One of the most important mandates of a marketing team is to ensure the delivery of on-message content across channels and stages of the buyer’s journey. Those strategic messaging themes dreamed up by marketing VPs and directors aren’t merely ideas—they’re developed to serve as a foundation for every piece of content the team produces, from high-level assets like eBooks down to everyday content like blogs and social media posts.
We in the marketing world have a nice, shiny word for this: alignment.
Unfortunately, our research shows that content creators routinely fail to get the resources they need to produce aligned content in the first place.
In fact, we found that just 40% of content creators had visibility into how their content aligned with organizational priorities. This means—allow me to do some very fancy math here—that significantly more than half have no idea whether their content delivers a coherent message to consumers. And if you have no visibility into whether your content is aligned, I’ll hazard a guess that it isn’t.
The problem here isn’t that content creators aren’t thinking strategically or don’t care about the big picture. The issue is a communication breakdown between those crafting high-level messaging and those doing the heavy lifting of creating the content itself.
Why aren’t leaders communicating effectively? Because they don’t see alignment as a problem to be solved. When asked, marketing leaders ranked “Lack of Horizontal or Vertical Alignment” as the least important barrier to the success of the six options provided.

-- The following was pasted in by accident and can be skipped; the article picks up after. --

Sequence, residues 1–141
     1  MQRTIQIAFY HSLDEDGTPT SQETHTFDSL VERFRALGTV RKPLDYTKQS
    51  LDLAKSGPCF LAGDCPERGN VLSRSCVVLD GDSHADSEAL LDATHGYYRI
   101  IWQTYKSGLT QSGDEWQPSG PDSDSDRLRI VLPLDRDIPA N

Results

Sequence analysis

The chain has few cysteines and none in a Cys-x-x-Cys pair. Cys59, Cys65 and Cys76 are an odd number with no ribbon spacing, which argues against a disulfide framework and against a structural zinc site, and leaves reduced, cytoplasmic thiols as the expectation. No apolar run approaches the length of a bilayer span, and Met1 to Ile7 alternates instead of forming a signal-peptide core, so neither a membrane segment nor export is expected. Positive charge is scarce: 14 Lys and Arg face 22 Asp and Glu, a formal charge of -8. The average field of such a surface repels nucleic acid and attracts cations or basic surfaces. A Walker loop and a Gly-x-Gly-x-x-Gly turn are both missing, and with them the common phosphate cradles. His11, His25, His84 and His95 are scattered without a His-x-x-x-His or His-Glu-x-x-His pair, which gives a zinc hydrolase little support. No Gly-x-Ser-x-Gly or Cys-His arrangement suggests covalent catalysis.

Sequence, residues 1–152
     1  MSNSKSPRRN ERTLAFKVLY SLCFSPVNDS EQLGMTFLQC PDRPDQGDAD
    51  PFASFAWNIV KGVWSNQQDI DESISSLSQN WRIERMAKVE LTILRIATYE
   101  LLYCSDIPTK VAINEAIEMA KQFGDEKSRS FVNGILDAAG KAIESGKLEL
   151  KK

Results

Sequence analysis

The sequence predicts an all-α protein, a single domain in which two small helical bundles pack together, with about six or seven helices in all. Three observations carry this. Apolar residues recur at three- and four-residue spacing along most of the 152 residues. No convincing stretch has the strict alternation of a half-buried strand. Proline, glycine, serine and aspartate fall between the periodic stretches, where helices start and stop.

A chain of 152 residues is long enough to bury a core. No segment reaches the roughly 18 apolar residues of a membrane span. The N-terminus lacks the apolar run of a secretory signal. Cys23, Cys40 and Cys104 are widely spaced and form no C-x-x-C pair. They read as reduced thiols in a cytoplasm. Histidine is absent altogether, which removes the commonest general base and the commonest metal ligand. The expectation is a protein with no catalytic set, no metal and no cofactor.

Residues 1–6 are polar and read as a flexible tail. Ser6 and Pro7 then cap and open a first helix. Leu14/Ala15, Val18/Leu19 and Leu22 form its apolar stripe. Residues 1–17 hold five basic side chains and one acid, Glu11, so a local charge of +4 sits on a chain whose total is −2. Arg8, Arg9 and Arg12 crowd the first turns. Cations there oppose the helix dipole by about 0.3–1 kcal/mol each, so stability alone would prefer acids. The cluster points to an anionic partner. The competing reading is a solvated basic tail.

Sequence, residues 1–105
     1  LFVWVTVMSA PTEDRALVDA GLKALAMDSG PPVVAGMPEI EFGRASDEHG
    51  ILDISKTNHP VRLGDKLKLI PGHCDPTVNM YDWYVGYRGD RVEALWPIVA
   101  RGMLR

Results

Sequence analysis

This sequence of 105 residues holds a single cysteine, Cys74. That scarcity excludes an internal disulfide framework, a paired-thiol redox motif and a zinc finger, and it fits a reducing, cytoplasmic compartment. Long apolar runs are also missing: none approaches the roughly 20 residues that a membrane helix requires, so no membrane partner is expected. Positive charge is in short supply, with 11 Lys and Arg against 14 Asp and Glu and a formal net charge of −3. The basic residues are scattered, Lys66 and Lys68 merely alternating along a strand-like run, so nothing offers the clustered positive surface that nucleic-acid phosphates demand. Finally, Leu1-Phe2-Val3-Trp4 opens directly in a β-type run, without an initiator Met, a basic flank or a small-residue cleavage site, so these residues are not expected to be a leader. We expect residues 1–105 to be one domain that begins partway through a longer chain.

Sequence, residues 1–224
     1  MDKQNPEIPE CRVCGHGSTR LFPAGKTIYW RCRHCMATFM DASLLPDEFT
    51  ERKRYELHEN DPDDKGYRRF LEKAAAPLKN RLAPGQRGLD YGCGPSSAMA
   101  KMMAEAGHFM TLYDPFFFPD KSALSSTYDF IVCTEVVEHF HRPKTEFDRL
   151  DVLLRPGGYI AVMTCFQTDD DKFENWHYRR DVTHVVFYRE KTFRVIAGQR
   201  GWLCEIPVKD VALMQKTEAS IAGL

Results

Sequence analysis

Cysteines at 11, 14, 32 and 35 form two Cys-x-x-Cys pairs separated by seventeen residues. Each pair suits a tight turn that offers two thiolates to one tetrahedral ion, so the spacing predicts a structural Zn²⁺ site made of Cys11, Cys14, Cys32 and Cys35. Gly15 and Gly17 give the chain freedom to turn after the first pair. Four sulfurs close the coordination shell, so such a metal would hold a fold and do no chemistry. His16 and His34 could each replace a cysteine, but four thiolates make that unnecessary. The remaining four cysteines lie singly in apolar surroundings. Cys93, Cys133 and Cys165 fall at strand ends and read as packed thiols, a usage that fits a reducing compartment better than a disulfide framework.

Content creators ranked it number one.
Lack of alignment is negative on an organizational level, of course. But it also has implications for the lives of content creators. If you don’t have coherent messaging, it’s impossible to effectively plan an editorial calendar you can count on.
The result? Last-minute requests for ad hoc assets, uncertainty about daily workloads, and content produced in silos rather than with an eye to larger, thematic messages.
Creating Strategic Alignment for Your Content Operation
How can we shift from this stressful and unproductive ad hoc strategy to a content operation that supports strategic alignment? There are a few key practices you’ll need to put in place.
Create Derivative Content
You shouldn’t need to go back to the drawing board every time you create. Instead of seeing each piece of content as a stand-alone asset, focus your limited time and resources on creating a few larger pieces of content from which smaller ones can be extracted.
Spend a quarter, for example, working on an original eBook—one that tells a story your organization wants to prioritize. Once you’re done, you’re left with a gift that will keep on giving. Not only will you be free from the time you would have spent wracking your brain for new content ideas, you’ll also feel confident that people interacting with multiple pieces of content will receive a coherent message that reinforces your key objectives.
Don’t believe me? This very blog post was inspired by just two pages of our recent eBook: B2B Content Strategy & Operations Benchmark. See? We practice what we preach.
Make Visibility a Priority
Alignment isn’t just getting together every quarter and debriefing on goals. True alignment is lived every day, and it hinges on a single word: visibility.
How will you know how everyone’s content works together if you can’t even see what your coworkers are working on?